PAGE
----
There are no amounts or percentages in the law. If you have heard of percentages, those most likely come from guidelines developed over the years by groups like CONFU, but these percentages are not written into the law. When using copyrighted work, use the least amount necessary. Although the law does not specify any amounts, copyright scholars seem comfortable with approximately 10% of a work. If however you have chosen the "heart of the work," a much smaller amount might fail the fair use test. The "heart of the work" of a book might be the pages with the key turning point of a story or the revealing motivation for a person's action. For a song, it might be the 4 second refrain that is recognized worldwide, across generations.
You may have more leeway with amount when you are creating a parody.
What is transformative use?
Think of this along with your first fair use factor. The nature of the use may be commercial or nonprofit, and nonprofit uses are always considered more favorably. But your use may be more than that. If what you do with the copyrighted work adds new meaning, brings new value, or repurposes a work, you have transformed it beyond its original use. The problem with transformative work is that you may think a use is transformative, but the judge may not. It is not always predictable.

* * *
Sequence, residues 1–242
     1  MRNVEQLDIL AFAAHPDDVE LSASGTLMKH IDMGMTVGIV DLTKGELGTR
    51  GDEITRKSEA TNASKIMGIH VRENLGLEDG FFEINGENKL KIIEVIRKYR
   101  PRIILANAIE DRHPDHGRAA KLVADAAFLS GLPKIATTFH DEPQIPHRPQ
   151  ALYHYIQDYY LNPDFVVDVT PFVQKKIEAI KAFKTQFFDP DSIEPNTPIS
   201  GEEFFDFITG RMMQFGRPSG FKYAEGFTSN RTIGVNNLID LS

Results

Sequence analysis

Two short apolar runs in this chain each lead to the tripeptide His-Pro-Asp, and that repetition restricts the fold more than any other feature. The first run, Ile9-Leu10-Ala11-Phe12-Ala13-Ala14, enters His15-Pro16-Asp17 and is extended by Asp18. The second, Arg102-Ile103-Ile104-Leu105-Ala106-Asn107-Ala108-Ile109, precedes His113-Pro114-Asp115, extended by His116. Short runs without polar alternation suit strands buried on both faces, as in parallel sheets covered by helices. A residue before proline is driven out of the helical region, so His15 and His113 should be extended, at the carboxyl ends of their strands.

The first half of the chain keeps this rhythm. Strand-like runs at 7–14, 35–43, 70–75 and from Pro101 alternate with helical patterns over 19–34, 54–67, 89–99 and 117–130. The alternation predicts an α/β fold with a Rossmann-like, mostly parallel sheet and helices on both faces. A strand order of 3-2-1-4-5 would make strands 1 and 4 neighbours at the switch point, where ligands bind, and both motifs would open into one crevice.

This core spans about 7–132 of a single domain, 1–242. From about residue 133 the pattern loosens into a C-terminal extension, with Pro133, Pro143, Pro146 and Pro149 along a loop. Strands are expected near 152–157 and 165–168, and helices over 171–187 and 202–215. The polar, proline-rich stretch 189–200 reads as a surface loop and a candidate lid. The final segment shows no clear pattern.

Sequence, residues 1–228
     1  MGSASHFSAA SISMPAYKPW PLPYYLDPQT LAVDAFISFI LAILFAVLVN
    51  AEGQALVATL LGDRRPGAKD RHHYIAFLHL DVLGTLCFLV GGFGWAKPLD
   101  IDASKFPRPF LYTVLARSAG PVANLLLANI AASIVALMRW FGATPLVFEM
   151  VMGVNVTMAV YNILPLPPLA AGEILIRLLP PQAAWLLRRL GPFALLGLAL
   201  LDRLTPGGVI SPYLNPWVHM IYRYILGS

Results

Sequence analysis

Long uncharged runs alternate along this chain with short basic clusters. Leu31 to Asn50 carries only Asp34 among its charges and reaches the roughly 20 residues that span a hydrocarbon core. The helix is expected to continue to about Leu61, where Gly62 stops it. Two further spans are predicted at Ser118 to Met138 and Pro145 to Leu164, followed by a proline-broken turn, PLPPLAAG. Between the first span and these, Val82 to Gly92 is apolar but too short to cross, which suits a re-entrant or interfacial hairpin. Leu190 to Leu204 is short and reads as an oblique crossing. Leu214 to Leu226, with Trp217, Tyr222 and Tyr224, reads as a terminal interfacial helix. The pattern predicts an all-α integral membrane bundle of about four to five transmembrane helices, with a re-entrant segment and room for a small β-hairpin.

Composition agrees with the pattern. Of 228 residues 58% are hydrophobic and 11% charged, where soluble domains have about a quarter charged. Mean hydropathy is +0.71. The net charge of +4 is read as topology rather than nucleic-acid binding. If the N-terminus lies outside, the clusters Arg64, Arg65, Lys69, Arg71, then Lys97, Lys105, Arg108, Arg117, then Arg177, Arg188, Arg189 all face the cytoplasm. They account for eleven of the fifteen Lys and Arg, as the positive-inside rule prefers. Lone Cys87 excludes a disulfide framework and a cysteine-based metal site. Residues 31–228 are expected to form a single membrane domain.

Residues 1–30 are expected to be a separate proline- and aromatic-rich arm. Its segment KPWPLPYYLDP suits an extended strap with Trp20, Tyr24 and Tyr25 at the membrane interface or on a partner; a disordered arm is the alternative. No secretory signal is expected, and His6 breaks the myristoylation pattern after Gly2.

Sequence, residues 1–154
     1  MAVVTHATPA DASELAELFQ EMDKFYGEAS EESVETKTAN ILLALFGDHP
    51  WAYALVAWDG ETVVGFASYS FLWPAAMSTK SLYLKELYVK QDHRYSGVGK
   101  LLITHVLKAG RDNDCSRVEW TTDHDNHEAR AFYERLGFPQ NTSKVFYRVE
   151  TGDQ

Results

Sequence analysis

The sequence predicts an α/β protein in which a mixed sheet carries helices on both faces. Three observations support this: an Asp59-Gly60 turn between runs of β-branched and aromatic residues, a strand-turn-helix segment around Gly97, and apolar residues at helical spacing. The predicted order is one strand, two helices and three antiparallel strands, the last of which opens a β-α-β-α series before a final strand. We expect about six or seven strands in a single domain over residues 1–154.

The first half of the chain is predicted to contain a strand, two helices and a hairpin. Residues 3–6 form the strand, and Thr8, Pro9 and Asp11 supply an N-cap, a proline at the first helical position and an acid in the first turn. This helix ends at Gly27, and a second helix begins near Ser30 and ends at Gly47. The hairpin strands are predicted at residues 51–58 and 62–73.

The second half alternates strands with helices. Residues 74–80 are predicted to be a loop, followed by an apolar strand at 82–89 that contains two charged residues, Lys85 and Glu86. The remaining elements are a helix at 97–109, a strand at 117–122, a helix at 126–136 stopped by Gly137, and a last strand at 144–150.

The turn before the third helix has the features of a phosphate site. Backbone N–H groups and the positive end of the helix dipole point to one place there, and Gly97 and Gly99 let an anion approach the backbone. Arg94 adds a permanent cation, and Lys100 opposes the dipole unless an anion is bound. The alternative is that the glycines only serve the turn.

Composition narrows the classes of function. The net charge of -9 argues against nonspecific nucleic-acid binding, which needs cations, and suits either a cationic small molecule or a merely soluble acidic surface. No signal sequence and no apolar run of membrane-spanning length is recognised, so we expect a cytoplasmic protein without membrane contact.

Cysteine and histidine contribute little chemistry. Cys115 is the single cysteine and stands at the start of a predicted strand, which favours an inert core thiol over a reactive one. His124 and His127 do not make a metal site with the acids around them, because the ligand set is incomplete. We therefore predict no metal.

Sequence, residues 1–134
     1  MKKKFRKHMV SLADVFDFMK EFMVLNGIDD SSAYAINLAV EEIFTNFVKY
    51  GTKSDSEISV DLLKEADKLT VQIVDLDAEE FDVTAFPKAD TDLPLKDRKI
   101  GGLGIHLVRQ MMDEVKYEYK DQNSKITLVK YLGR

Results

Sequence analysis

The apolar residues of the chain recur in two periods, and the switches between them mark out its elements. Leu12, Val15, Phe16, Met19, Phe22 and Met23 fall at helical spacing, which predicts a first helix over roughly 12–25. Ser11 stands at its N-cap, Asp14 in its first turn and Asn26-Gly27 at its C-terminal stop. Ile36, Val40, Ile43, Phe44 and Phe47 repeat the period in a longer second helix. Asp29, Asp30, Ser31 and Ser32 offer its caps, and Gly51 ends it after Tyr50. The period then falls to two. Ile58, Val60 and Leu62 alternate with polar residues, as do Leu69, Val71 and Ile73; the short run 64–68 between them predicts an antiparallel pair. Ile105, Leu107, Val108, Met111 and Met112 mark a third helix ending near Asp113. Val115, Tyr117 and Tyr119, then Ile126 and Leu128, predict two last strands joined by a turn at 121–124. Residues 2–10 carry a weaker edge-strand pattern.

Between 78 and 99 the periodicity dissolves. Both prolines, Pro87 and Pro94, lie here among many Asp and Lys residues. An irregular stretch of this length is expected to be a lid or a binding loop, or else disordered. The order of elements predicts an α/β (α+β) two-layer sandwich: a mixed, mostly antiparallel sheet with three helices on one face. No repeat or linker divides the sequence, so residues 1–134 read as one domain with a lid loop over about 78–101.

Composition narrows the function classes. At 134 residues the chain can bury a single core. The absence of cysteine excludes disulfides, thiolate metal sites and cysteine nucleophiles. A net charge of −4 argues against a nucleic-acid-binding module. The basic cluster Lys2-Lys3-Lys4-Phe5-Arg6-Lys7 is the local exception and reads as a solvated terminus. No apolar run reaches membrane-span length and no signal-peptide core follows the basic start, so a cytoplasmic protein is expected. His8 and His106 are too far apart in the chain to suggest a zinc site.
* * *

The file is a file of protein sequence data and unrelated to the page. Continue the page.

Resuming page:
Stanford University has some examples to illustrate successful and unsuccessful transformative work.
How do I apply Fair Use in the classroom or in my distance education class?
For class handouts in a face to face classroom, see the tab marked "Classroom Guidelines."
For the use of performance and display in classrooms using digital transmissions (Brightspace, Moodle, etc), see thef TEACH Act.
What's new with Fair Use?
Professional communities of practice are beginning to issue best practices for interpreting Fair Use. Some of these are:
Our thanks to the librarians at the University of Missouri--Kansas City for allowing UMA to reuse this text!
How do I obtain permission?
See more at Stanford Universities Libraries informational page the Basics of Getting permission: http://fairuse.stanford.edu/overview/introduction/getting-permission/